Between noon and 2:00 the wind was in the 13 to 15 mph range. I figured that would be about as strong as it would get since the rain had already pushed through. I threw my big board, my 7.8 and a 6 m sail and headed out to Messick expecting to get in a leisurely sail. When I got there the wind had picked up dramatically, my hand held anemometer showed 24 average with gusts in the 30s. I didn't make the drive for nothing and I wanted to get my January session. So I rigged the 6 and gave it a shot. It really wasn't fun, total survival mode. It reminded me of my Hanna session except the water and air were a lot warmer then and the sail was much smaller, plus I remember Hanna being fun. Needless to say the session was incredibly short lived as I have this thing about not wanting to get hurt or break my gear.

It looks like the farther South you went the windier and warmer it was. Several local sailors had a good day on Back bay and at the Va. beach oceanfront. Down on Hatteras Island it was nuking all day check out Andy and Bill's reports.

Photos are deceptive. It's really windy!

This Blackhawk kept performing this manuver over and over.
The first time I saw it I thought It was going to crash.

Thursday, January 1, 2009

2 highwind sessions.... almost.

This week, the last week of December has been a good one wind wise. Sunday we had warm SW winds blowing 25+ and yesterday we had a mix bag starting SW around 20 and clocking to NW with gusts approaching 50 by noon.

Sunday I decided I’d try to sail at my parent’s house because I would also get to see football on Sunday ticket. My team, the Cleveland Browns have pretty much stunk it up this year. Logic should have prevailed and I should have gone to one of the local launches to sail with other people. But we were playing the Steelers and that’s a rivalry game that is hard to miss. I figured if the game looked to be a blowout early on I would just head on over to either Messick point or Dave Kashy’s new place to sail his launch. Well wouldn’t you know the Browns defense kept the game close till late in the second quarter. So by the time it was absolutely certain that the Browns had no chance, it was already too late to make the hour drive and get any significant time on the water before dark. So at half time I went out to decide on rigging up and sailing or not. There was a bunch of white caps and good size swell rolling down the river, I’d estimate between 3 and 4 foot. My handheld wind meter showed gusts well over 30, that’s just too much for me to go out alone in the 48 degree water. Sailing my folks place can be convenient but with the tidal current and the ideal SW wind conditions it can get rather intimidating.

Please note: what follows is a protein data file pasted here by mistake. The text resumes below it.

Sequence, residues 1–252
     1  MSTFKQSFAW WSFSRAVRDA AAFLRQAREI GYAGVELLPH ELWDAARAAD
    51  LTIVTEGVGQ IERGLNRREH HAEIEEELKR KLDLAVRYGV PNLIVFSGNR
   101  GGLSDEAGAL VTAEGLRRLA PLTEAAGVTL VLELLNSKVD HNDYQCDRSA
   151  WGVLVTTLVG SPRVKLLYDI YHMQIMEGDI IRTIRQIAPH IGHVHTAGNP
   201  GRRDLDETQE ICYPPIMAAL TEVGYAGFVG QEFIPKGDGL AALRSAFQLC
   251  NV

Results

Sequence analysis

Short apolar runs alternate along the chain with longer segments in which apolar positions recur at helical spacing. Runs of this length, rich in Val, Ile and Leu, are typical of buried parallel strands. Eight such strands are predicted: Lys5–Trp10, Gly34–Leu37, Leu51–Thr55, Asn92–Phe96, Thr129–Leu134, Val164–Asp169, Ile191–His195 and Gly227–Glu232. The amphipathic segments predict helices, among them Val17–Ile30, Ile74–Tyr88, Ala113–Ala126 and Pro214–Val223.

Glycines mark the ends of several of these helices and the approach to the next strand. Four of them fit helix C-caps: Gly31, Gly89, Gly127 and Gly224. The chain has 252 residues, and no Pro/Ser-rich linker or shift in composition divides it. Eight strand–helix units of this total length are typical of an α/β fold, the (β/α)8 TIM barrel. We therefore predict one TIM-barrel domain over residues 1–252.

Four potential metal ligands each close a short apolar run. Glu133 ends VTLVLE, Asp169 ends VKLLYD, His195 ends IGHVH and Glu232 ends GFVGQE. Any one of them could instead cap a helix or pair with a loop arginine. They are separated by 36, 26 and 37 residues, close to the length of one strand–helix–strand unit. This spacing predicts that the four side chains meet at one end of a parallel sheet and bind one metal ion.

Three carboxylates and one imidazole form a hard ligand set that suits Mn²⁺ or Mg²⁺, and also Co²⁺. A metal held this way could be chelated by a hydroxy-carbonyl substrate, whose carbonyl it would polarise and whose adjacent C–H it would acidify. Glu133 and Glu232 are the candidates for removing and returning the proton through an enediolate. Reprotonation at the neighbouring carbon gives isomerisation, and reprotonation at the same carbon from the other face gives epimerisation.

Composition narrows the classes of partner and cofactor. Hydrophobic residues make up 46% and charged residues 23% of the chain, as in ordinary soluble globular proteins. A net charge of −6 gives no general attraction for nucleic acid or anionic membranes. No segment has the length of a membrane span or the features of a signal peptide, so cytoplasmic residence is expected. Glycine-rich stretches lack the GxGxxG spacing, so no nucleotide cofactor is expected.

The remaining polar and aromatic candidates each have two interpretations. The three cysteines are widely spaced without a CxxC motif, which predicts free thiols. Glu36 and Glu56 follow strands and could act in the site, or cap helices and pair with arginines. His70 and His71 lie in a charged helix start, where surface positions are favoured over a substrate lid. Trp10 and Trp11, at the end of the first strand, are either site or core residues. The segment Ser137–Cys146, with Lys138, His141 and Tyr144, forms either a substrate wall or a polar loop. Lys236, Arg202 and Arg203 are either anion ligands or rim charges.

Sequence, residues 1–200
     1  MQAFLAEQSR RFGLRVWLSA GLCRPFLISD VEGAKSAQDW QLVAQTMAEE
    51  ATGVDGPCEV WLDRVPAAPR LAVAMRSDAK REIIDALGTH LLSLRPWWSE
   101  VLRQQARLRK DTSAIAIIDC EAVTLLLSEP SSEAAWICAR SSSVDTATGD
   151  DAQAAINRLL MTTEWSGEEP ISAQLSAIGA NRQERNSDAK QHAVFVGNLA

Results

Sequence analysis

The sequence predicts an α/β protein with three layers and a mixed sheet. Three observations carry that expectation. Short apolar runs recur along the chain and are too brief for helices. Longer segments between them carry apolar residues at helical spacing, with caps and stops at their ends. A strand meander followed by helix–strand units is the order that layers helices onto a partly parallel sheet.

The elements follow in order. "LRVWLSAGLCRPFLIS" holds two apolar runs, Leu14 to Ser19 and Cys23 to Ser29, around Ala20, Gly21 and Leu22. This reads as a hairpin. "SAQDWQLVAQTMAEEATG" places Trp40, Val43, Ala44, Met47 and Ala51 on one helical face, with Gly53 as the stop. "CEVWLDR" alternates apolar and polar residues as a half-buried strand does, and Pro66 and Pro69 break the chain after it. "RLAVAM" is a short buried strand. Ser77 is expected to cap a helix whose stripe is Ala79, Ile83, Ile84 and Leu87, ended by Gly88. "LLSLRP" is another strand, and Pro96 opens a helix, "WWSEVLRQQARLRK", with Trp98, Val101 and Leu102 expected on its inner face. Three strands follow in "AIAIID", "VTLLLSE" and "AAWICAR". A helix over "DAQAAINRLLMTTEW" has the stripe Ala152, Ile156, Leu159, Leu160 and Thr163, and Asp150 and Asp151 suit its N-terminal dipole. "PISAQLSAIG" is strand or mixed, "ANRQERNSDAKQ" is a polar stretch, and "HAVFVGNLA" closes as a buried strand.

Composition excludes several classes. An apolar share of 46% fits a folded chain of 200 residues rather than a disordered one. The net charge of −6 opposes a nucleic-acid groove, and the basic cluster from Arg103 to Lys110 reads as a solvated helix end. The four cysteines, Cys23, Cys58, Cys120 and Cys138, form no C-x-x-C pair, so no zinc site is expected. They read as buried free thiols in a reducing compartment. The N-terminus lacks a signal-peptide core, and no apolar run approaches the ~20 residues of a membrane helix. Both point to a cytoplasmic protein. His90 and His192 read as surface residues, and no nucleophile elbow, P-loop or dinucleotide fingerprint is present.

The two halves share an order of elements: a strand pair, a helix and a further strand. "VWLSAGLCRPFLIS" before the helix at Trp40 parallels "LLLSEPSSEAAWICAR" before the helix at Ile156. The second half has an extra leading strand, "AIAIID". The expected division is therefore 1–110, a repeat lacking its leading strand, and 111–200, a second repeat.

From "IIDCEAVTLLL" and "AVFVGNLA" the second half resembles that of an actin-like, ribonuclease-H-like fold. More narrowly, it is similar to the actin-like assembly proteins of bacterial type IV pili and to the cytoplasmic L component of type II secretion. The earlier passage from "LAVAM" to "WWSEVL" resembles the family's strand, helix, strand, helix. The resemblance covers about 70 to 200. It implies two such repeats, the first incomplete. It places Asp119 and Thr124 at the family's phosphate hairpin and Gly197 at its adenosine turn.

Tug making its way upriver in the swell just before kickoff.

Yesterday I was gung ho on sailing, the high temperature was going to be in the lower 50’s with wind in the mid to upper 20’s. I took all my small gear with me to work with the intention of getting some stuff done then sailing afterward. I got the message that people were going to sail Kashy’s place so I made my way over there. Unfortunately I took too long to get my work done and missed out on the warmer temps. Once the wind shifted NW the temp dropped, the most dramatic was during a 15 minute span where it seemed to drop 10 degrees.

Tom B., Jack, John C., Marcy and Keith showed to enjoy Dave's little slice of sailing heaven. The sails were sized 3.7 to 4.2 and the boards were 75 to 85l. The falling temps the wind strength and the offshore conditions were enough that Marcy and I decided against suiting up. Everyone else hit the water. It was simply a tough day of sailing the gusts and lulls were extreme. To sail comfortably one would have needed a sail that could instantly transform from a 6.5 to 3.0. It was wild just standing out on the pier taking pictures, within a matter of seconds the wind would go from 20 to 45. Several shots were lost to camera shake. The guys made the most of it though, there was a bit of schlogging, some nicely powered blasting and what I would only describe as overpowered mayhem. Each run out and back had at least one waterstart per sailor. I take that back I don't remember Dave falling in. They all sailed about an hour. Then the cold, the low dew point and the gusty wind finally took its toll shooing everyone off the water. All except John, he swapped his 85l for a 100l and went back out. The board change really helped him in the lulls but put him beyond control in the gusts.

I look forward to getting the next email announcing another session at Dave’s, hopefully in less chaotic wind conditions.

Tomorrow could be the first session of the New Year. It’s supposed to be a lighter SW day that might warrant another day trip down to the OBX.

Happy New Year!

As always click photos to enlarge.....

John heading back out on the bigger board

John Lit!!!!

That explosion of spray was John.

Mr. Kashy

Tom, Dave and Keith